Program evaluation is the systematic collection of information about the activities, characteristics, and outcomes of programs to make judgments about the program, improve program effectiveness, and/or inform decisions about future program development. Evaluation can be a straightforward way to tell the story about the program, share successes, and identify ways to improve.
What is the difference between process and outcome evaluation?
Process and outcome evaluation each answers different questions about the program and relies on different types of data.
Process evaluation: the collection of information that allows staff to determine how well the program is being implemented. Process evaluation data should align with program objectives to ensure that objectives are achieved.
Outcome evaluation: the collection of information that helps staff assess what happens as a result of program activities. Outcome evaluation is helpful when more information is needed on which to base future program decisions.
What are sample process evaluation questions?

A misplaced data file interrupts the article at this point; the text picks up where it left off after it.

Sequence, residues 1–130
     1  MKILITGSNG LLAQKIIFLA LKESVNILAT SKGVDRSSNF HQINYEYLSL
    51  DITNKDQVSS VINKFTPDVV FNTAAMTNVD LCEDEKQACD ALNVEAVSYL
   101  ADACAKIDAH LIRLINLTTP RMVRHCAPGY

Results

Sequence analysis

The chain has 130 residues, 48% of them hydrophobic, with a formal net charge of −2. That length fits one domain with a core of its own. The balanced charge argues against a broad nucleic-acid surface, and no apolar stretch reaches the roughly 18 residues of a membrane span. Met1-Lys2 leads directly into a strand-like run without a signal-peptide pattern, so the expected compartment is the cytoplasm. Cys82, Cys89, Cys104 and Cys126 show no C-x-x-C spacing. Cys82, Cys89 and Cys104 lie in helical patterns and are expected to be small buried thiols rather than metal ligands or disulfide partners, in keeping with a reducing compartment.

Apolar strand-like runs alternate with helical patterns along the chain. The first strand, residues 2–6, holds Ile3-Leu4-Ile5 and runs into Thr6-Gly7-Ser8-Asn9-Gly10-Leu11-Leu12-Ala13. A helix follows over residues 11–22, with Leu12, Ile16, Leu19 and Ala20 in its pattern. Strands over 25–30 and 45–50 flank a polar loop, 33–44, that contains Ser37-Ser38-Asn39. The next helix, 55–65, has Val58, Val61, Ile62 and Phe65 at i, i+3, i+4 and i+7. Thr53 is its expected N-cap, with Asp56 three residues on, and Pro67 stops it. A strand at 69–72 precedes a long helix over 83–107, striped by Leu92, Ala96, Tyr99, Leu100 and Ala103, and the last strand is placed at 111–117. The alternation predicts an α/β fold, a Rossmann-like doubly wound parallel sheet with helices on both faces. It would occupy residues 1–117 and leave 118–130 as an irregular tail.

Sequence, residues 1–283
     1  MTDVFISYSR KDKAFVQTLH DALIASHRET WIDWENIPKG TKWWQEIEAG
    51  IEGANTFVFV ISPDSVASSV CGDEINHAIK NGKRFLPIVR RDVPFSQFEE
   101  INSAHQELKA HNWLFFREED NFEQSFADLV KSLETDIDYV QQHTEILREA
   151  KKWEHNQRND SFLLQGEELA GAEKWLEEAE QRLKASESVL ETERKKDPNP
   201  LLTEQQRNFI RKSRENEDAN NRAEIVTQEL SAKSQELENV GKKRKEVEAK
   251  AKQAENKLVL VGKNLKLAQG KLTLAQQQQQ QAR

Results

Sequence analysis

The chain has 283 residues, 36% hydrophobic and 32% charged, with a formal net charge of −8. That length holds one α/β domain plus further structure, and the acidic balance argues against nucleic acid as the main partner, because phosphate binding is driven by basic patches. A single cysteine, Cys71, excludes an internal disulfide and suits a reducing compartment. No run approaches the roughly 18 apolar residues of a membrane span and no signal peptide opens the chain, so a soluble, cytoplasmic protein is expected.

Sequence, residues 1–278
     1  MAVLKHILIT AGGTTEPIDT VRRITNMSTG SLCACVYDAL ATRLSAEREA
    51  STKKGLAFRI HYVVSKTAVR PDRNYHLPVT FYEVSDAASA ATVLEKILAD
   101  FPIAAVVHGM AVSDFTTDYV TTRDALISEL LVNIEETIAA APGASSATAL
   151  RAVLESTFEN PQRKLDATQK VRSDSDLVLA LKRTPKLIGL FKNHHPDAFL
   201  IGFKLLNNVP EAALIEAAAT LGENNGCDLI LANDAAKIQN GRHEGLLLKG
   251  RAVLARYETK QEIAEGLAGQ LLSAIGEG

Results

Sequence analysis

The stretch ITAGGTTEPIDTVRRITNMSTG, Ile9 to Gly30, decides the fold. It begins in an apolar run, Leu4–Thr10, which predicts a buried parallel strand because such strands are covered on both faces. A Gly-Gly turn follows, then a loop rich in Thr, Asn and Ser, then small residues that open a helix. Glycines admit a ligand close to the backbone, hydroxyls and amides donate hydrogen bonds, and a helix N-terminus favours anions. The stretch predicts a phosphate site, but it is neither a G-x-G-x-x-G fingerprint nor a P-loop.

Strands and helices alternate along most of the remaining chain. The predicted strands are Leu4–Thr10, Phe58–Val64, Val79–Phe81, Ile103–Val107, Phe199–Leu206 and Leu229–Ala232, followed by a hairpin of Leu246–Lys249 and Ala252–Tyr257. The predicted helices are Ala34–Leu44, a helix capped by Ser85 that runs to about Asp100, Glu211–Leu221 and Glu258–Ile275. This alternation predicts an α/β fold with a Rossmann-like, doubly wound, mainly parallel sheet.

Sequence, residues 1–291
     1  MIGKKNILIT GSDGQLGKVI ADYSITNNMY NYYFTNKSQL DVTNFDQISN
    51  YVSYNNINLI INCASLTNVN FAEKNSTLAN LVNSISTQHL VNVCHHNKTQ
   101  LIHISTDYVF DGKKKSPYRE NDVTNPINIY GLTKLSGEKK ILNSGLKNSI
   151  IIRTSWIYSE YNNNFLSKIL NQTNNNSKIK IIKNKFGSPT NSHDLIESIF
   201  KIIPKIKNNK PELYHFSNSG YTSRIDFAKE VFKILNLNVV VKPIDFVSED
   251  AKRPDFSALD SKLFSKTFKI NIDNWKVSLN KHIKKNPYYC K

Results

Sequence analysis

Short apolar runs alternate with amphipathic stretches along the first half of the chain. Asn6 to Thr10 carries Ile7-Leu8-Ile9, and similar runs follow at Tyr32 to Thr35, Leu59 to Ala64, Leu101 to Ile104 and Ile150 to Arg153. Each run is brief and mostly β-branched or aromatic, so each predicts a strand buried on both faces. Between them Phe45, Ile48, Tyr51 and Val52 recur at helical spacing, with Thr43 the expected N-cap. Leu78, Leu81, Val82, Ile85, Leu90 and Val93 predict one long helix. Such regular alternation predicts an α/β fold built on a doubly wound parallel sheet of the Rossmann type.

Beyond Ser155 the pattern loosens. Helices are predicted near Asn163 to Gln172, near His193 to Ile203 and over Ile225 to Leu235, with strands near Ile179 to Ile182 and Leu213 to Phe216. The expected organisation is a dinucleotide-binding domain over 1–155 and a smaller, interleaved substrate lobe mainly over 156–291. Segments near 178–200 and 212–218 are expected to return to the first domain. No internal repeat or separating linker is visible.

Sample process evaluation questions include:
Is the program being implemented as planned? Why or why not?
Is the target audience being reached?
Are partnerships working effectively? Why or why not?
Is funding sufficient to achieve program goals?
What are the barriers to student participation in the programs?
What are sample outcome evaluation questions?
Sample outcome evaluation questions include:
Did we achieve our intended outcomes?
Does the program increase the quality of physical activity opportunities for students at school?
Has the program improved the school climate related to physical activity?
What has changed as a result of the program (e.g., increased school-community partnerships)?
Were there any unintended effects of the program (e.g., parents engage in more physical activity with children at home)?
What data collection methods are used for evaluation?
Common data collection methods include questionnaires, interviews, focus groups, document reviews, and observations. There are three approaches to qualitative interviews that vary in level of structure: informal conversational (questions and topics not predetermined); semi-structured (include an outline of topics or issues to be covered); standardized (set protocol of questions and probes).
How should the CSPAP plan be tracked?
It is important to keep all the CSPAP planning documents together, keep the plan visible, and revisit the plan regularly (bi-weekly or monthly) to review, determine if what was in the written plan is actually being completed or implemented, and update the plan as activities are accomplished.